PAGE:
I just developed a roll of film from my converted Holga 120 camera and found this shot which is just before this sculpture got moved into the house behind. It was originally part of an exhibition of Architectural style in the City Gallery on Ian Athfield.
Some shots of it in its original position are HERE. The black stuff in the bottom of the frame is felt from the edge of the film canister and was in every shot… Something to look for in the future when loading film 🙂
Holga 120 Camera converted to 35mm Panoramic (see how to do HERE), Ilford Delta 100 ISO Film (Expired), CanoScan 9000F Scanner.
Sorry have been a bit slack putting up posts of late… Youngest daughter is in “constant stream of talking” mode which makes it a bit hard to concentrate for longer than more than 3 seconds (she has interrupted 3 times just in this sentence).
This combined with 7 rolls of film sitting round waiting to be developed means I having been getting on with things as much as I probably should…
Anyhow here goes some more shots from the Holga Pano camera I converted 🙂 Enjoy.
A couple of Holga Panos from a few weeks ago when I went out to Fort Opau, an old WW2 gun emplacement.
Holga 120 Camera with Custom 35mm Pano Adaptor, Ilford Delta 100 ISO Film, CanoScan 9000F Scanner.
Another test shot from my converted Holga… The frame goes all the way to the edge of the film but my scanner wouldn’t let me scan with the right exposure so I had to use the 35mm scanner adaptor which didn’t give the sprocket holes 😦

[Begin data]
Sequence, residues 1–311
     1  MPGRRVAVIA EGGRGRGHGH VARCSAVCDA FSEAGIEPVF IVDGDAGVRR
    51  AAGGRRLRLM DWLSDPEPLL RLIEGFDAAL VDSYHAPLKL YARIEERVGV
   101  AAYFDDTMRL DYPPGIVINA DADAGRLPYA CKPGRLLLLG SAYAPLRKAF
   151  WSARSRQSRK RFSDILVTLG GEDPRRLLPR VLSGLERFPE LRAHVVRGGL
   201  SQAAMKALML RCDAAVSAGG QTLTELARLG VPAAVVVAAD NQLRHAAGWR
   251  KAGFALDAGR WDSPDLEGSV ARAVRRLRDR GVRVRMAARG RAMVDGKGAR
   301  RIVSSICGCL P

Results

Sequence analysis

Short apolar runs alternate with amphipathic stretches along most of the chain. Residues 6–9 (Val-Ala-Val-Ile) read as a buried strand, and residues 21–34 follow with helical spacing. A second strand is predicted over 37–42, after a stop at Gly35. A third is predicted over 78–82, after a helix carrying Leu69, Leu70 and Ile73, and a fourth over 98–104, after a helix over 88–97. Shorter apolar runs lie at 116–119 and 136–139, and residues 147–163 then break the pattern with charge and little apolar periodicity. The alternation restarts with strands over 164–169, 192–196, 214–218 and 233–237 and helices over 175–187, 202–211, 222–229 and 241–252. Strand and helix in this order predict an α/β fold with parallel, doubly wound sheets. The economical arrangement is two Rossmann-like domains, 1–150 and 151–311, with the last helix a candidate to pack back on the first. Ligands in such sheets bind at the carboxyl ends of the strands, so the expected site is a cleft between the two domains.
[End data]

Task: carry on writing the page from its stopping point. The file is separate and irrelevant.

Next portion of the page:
I really need to make that scanner mask…
The other day I found The front of a Holga 120 camera whilst roaming the city. It had obviously been outside for a while and the battery contacts for the flash were missing but it still seemed to be in pretty good working order, just missing the back.
I had always wanted to convert one of these into a 35mm Panoramic camera and even though you can buy adaptors that will do this, without the sprocket holes, I wanted to make it go all the way to the edge of the film so that the sprocket holes were in the image.
The only adaptor I could get was a standard 35mm one which just had a 36mmx24mm cut out. Below is how I adapted the adaptor 🙂
Shot from the camera after it had been converted.
This was the part that I found with no back and the flash not working
It was missing the back, which made it pretty unusable.
This is the 35mm adaptor I bought which had a back and a film holding plate.
The only 2 tools required for the conversion… A flat file and a saw (mine had a jewellers blade which lets you cut 360 degrees rather than just straight)
After it had been cut out and the plate filed smooth.
The adaptor plate in the camera.
Film loaded and ready to go.
Lots of insulation tape.
The 35mm adaptor came with a sticker that you put on the frame advance knob. I advance the film 2 frames instead of 1 for each shot.
This is why I ended up using so much insulation tape on the back of the camera. Some people like this effect but I would rather not have it 🙂
End result… I scanned it on my CanoScan 9000F Scanner which scans 120 film by just laying it on the scanner bed… Im going to make a custom scanner mask to hold the film flat sometime in the future 🙂
Another test roll through the Holga I found and adapted into a 35mm pano camera… I’m liking how these are looking… Next might have to try colour negative…
A couple of weeks ago Fergus found the front half of a Holga while we were doing a bit of urban exploring, He gave it to me and I decided to custom it using a 35mm adaptor. The adaptor I bought was only for single frame 35mm so I cut it out so that it would be panoramic all the way to the edge of the film.
This is the first roll I put through it which was 7 years expired… I still need to make a custom scanning mask so the film doesn’t curl up at the ends…